There is currently a wave of activity, with people in many communities working to learn more about their languages, and to ensure they are passed on to the next generation. Recent research produced clear evidence that Indigenous language use is positively associated with social capital formation. The 2020 National Indigenous Languages Report (NILR, chapter 3) states that:
Recognition of Aboriginal and Torres Strait Islander languages in communities has resulted in:
- Increased regard and trust for institutions that engage with local Aboriginal and Torres Strait Islander languages.
- Increased student confidence and engagement.
- Increased community pride in the local Aboriginal or Torres Strait Islander culture.
- Increases productivity and/or competitiveness for particular businesses in land management, tourism and hospitality, and service sectors.
The Resource Network for Linguistic Diversity is an active forum for language maintenance practitioners since 2004.
Establishing a language project
First Languages Australia have produced a number of comprehensive tools to assist communities in their language journey. The framework for planning a community language project has a step by step approach. Tools and templates for language workers are collated in several overarching categories including:
- collection management
- language learning
- making resources
- media production
- project management
- teaching languages.
There are also guides for communities who want to produce written or digital language resources and a “how-to” guide and plain English template for writing a learner's guide.
The language teaching and employment strategy highlights key actions for each state's and territory’s consideration in appropriately developing and supporting Indigenous language teachers in schools.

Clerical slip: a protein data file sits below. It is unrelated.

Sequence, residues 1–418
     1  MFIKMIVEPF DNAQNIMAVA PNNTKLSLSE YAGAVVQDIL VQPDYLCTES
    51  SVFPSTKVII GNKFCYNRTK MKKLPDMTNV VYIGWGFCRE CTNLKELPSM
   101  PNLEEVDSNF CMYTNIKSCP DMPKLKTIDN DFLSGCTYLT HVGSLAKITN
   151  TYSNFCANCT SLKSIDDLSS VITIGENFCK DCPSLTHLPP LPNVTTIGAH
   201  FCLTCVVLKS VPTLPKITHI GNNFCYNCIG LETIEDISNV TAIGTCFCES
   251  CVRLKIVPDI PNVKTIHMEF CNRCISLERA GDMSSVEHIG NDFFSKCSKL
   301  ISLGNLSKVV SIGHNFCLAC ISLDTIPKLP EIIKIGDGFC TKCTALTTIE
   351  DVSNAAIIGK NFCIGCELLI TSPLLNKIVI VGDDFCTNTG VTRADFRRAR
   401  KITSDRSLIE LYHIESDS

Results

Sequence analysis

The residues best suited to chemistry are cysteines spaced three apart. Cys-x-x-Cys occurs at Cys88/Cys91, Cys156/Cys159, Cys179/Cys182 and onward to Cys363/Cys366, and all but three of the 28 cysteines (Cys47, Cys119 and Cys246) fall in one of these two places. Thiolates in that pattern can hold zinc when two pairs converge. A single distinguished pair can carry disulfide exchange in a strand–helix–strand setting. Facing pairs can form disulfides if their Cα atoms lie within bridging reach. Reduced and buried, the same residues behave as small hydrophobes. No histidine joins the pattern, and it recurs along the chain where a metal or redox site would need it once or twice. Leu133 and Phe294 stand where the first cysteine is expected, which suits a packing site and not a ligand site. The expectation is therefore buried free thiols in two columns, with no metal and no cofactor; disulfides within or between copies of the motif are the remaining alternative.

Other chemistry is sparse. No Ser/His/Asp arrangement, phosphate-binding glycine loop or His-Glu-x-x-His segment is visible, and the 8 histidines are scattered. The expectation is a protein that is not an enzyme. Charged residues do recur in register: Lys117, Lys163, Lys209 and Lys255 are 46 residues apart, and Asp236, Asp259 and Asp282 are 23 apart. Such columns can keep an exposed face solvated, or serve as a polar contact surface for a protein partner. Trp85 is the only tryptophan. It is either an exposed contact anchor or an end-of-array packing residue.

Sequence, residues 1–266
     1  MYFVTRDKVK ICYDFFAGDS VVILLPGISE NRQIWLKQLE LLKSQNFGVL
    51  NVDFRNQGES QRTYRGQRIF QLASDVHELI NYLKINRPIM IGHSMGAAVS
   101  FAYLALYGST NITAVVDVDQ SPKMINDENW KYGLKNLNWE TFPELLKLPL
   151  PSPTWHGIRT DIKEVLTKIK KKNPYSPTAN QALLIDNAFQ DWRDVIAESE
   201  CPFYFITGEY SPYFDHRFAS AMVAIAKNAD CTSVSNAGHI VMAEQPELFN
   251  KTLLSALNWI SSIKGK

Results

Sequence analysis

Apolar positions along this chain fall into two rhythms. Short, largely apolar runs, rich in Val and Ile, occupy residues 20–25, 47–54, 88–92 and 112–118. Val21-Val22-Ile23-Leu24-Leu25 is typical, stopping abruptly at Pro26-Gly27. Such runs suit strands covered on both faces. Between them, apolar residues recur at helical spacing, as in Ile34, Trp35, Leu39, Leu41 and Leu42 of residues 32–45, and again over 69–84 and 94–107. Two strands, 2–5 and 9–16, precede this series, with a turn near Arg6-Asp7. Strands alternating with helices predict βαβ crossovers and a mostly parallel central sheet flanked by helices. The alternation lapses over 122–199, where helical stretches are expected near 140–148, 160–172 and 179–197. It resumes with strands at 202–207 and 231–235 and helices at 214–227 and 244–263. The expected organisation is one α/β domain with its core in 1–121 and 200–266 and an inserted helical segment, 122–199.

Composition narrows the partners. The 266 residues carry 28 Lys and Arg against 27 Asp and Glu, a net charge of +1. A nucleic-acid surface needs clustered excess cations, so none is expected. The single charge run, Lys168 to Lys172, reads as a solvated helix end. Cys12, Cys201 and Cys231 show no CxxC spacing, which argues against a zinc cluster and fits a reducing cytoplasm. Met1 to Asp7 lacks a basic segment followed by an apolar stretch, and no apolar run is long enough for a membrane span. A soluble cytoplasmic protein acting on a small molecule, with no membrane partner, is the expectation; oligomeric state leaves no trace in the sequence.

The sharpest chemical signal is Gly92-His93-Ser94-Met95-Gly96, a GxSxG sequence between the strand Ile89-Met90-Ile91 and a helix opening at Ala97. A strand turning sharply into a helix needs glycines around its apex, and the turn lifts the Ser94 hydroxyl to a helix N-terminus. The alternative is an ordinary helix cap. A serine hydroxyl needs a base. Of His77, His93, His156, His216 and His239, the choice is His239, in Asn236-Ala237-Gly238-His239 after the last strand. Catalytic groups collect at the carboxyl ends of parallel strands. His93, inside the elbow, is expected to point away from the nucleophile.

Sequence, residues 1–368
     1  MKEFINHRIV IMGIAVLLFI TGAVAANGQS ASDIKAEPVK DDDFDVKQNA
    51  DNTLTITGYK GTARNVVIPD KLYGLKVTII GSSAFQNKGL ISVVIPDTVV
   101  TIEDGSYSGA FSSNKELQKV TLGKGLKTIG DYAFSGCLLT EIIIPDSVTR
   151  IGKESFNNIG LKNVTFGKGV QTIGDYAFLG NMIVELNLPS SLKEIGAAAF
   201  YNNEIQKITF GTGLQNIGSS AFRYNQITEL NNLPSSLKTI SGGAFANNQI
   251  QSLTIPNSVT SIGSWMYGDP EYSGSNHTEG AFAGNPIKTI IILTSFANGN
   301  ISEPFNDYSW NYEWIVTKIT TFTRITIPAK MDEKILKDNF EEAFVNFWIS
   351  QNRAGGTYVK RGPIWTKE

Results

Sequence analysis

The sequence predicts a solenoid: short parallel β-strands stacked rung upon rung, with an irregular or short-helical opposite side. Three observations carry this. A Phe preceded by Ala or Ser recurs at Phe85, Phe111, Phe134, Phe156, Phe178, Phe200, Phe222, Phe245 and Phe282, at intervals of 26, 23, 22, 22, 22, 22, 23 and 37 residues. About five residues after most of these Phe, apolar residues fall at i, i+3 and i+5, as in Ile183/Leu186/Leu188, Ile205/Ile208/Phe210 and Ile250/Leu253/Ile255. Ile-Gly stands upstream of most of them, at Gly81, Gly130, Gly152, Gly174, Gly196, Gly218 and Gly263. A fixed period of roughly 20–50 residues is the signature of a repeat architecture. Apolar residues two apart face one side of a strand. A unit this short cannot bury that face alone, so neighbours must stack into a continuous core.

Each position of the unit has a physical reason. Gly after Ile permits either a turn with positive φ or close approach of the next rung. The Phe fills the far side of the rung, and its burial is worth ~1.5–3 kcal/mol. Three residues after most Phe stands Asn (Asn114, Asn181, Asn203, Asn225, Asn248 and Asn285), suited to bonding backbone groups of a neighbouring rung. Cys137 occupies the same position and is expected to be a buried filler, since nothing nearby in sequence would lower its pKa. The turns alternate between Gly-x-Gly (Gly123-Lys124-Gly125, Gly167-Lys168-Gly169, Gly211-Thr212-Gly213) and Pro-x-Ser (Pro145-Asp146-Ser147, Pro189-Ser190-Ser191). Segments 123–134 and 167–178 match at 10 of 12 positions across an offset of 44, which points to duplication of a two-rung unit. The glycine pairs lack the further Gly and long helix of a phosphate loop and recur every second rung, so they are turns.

- Indigenous Languages Preservation: Dictionaries Project, AIATSIS
- Language maintenance workbook, AIATSIS, 2020
- Indigenous arts and languages, Australian Government, Office of the Arts
- Mura Catalogue, AIATSIS
- Austlang, AIATSIS
- State libraries and archives
- National Library of Australia
- National Archives
- Living Languages
- First Languages Australia
- Junyirri: A framework for planning community language projects, First Language Australia, 2015
- Jarrak – our languages journey, First Language Australia
- Gambay - First Languages Map (interactive), First Languages Australia
- Resource Network for Linguistic Diversity, Living Languages
Publishing language materials:
- National Indigenous language report 3, Australian Government, Office of the Arts, 2020
- National Indigenous language report 2, Australian Government, Office of the Arts, 2014
- National Indigenous language report 1, Australian Government, Office of the Arts, 2005
- Language Learning in Indigenous Communities. Submission to the Standing Committee on Aboriginal and Torres Strait Islander Affairs, ANTar, Sydney, 2011
- Indigenous Language and Language Rights in Australia after the ‘Mabo’ (No 2) Decision - a Poor Report Card, Laura Beacroft, 2017
- Recognising Aboriginal and Torres Strait Islander Peoples in the Constitution: Report of the Expert Panel, Expert Panel on Constitutional Recognition of Indigenous Australians, 2012
- Language in Native Title, John Henderson and David Nash, AIATSIS, 2002
- Final Report, Joint Select Committee on Constitutional Recognition Relating to Aboriginal and Torres Strait Islander Peoples, November 2018
- Examination of Legislation in Accordance with the Human Rights (Parliamentary Scrutiny) Act 2011, Parliamentary Joint Committee on Human Rights, 2013
- Re-awakening languages: theory and practice in the revitalisation of Australia’s Indigenous languages, John Hobson, Kevin Lowe, Susan Poetsch and Michael Walsh, 2010